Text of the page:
Unlike some other world history texts that center on the West, The Human Record provides balanced coverage of the global past. The book features both written and artifactual sources that are placed in their full historical contexts through introductory essays, footnotes, and focus questions. The text sheds light on the experiences of women and non-elite groups while maintaining overall balance and a focus on the major patterns of global historical developments through the ages.
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This text explores four major features of human society in their ecological and historical context: the origins of priests and organised religion; the rise of military men in an agrarian society; economic expansion and growth; and civilising and decivilising trends over time.
The origin of world civilization can be traced to the Indus Valley cradle, where brilliant and original thinkers made groundbreaking discoveries. The history of these discoveries is recorded in the vast Sanskrit literature. In this study, author M. K. Agarwal explores the cultural and historical significance of the region. He explores Indus Valley culture, which encouraged creative thought—as opposed to the Abrahamic faiths, which herded followers into dogmatic thinking. He holds that these religions prospered because of their unfettered hatred of the Vedic-Hindu-Buddhist peoples, who were demonized as pagans to be murdered, tortured, raped, enslaved, and robbed. He also considers the achievements of that culture, such as the creation of the most affluent, most scientifically advanced, and most spiritual of all societies, with archeological moorings that can be traced back to 8000 BC. No other region can even come close to transforming people and culture like the Indus Valley, but the world’s Vedic roots have been ignored, shunned, and covered up. Uncover the history that has been lost and develop a deeper appreciation for the true cradle of human civilization with The Vedic Core of Human History.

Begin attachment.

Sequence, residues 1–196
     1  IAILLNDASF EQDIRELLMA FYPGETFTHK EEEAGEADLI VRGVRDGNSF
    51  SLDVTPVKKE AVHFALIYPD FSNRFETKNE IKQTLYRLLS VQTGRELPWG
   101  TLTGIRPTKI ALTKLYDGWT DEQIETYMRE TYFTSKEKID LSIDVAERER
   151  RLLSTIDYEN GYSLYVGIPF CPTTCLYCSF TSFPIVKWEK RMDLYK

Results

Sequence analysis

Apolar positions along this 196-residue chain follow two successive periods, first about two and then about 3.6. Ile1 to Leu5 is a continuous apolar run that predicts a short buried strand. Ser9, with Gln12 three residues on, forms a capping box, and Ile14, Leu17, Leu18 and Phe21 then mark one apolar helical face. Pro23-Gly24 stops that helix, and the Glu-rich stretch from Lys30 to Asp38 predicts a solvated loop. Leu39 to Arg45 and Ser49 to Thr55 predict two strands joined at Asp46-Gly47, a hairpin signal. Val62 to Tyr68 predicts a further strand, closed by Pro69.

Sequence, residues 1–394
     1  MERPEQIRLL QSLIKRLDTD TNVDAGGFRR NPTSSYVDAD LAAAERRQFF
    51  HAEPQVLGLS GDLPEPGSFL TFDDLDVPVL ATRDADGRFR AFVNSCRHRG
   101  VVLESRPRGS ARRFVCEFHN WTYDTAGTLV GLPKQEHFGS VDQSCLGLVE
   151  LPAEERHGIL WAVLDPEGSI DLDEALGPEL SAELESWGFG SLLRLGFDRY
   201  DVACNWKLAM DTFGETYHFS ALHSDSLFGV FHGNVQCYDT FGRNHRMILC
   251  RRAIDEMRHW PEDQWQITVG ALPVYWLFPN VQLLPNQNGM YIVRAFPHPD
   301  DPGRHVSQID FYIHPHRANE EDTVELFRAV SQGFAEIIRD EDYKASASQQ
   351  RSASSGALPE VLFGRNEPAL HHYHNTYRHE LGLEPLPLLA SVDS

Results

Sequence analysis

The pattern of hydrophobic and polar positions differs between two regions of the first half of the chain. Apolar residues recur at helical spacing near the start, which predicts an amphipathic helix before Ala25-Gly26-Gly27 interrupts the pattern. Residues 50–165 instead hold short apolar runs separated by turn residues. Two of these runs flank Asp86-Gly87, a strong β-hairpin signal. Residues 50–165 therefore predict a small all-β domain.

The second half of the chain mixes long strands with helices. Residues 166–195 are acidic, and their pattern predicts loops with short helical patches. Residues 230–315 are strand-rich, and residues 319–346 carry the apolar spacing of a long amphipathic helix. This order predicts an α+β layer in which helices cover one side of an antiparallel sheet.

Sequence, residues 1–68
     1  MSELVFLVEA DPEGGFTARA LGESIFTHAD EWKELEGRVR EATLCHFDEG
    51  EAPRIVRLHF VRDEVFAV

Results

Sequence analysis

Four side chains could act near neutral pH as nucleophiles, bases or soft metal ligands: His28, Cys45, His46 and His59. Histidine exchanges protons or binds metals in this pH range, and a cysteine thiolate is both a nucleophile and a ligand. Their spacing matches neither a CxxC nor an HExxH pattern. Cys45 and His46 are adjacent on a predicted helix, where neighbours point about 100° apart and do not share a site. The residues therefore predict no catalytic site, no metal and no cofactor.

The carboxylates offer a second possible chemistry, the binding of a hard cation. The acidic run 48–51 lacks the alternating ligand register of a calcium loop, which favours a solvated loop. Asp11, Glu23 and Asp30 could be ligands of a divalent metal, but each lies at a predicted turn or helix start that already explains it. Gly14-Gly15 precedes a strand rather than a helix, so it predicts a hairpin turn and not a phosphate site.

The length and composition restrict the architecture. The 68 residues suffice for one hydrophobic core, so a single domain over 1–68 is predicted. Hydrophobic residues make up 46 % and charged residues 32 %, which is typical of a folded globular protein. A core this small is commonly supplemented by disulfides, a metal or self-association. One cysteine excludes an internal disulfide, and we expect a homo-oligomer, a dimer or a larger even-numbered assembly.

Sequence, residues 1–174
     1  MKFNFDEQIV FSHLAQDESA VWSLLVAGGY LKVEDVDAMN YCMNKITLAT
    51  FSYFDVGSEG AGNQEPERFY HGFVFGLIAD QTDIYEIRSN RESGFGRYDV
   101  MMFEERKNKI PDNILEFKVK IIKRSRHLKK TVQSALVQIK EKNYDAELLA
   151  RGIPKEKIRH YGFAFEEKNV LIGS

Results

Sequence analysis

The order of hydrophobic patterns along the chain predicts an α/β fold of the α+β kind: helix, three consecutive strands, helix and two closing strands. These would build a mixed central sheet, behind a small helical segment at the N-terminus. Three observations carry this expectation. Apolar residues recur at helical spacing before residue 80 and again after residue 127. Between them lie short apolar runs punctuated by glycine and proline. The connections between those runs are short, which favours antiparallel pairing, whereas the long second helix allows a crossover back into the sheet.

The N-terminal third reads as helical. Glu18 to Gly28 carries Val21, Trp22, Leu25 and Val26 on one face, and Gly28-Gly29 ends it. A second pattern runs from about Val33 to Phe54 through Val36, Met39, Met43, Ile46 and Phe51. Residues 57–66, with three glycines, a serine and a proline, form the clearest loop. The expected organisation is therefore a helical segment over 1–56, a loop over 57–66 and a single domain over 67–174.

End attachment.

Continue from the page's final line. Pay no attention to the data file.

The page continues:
This book presents a concise yet comprehensive survey of methods used in the expanding studies of human evolution, paying particular attention to new work on social evolution. The first part of the book presents principal methods for the study of biological, cultural, and social evolution, plus migration, group behavior, institutions, politics, and environment. The second part provides a chronological and analytical account of the development of these methods from 1850 to the present, showing how multidisciplinary rose to link physical, biological, ecological, and social sciences. The work is especially relevant for readers in history and social sciences but will be of interest to readers in biological and ecological fields who are interested in exploring a wide range of evolutionary studies.
A library must function with integrity in order to function well. This book looks at a broad range of library functions through the lens of integrity and ethics. This largely unexplored area of study is handled exceptionally well by the library and information professionals contained in these pages. This book addresses the ethical and integrity issues that may come up in the day to day workings of the library as well considerations for the ethical education of our future librarians. Within a framework based on the ethical issues that are attached with information management, this book examines the impact of the US Patriot Act, library authentication and access management, plagiarism and social networking. This material was published in the Journal of Library Administration.